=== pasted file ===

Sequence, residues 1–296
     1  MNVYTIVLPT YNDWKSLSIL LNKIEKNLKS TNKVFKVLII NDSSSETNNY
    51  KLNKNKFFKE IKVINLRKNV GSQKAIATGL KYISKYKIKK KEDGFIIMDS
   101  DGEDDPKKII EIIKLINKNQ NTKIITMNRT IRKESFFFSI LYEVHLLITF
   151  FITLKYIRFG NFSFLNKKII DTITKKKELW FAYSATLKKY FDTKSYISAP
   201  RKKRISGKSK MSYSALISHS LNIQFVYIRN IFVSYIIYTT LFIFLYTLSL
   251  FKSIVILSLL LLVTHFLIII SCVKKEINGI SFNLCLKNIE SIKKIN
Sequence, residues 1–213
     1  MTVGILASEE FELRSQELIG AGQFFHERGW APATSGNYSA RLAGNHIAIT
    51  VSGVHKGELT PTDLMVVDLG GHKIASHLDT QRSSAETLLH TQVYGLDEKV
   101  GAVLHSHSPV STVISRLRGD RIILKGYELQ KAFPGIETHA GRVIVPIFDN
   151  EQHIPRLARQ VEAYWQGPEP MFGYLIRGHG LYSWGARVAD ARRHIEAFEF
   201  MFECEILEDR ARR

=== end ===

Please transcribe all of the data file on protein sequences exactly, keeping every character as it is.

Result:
Sequence, residues 1–296
     1  MNVYTIVLPT YNDWKSLSIL LNKIEKNLKS TNKVFKVLII NDSSSETNNY
    51  KLNKNKFFKE IKVINLRKNV GSQKAIATGL KYISKYKIKK KEDGFIIMDS
   101  DGEDDPKKII EIIKLINKNQ NTKIITMNRT IRKESFFFSI LYEVHLLITF
   151  FITLKYIRFG NFSFLNKKII DTITKKKELW FAYSATLKKY FDTKSYISAP
   201  RKKRISGKSK MSYSALISHS LNIQFVYIRN IFVSYIIYTT LFIFLYTLSL
   251  FKSIVILSLL LLVTHFLIII SCVKKEINGI SFNLCLKNIE SIKKIN
Sequence, residues 1–213
     1  MTVGILASEE FELRSQELIG AGQFFHERGW APATSGNYSA RLAGNHIAIT
    51  VSGVHKGELT PTDLMVVDLG GHKIASHLDT QRSSAETLLH TQVYGLDEKV
   101  GAVLHSHSPV STVISRLRGD RIILKGYELQ KAFPGIETHA GRVIVPIFDN
   151  EQHIPRLARQ VEAYWQGPEP MFGYLIRGHG LYSWGARVAD ARRHIEAFEF
   201  MFECEILEDR ARR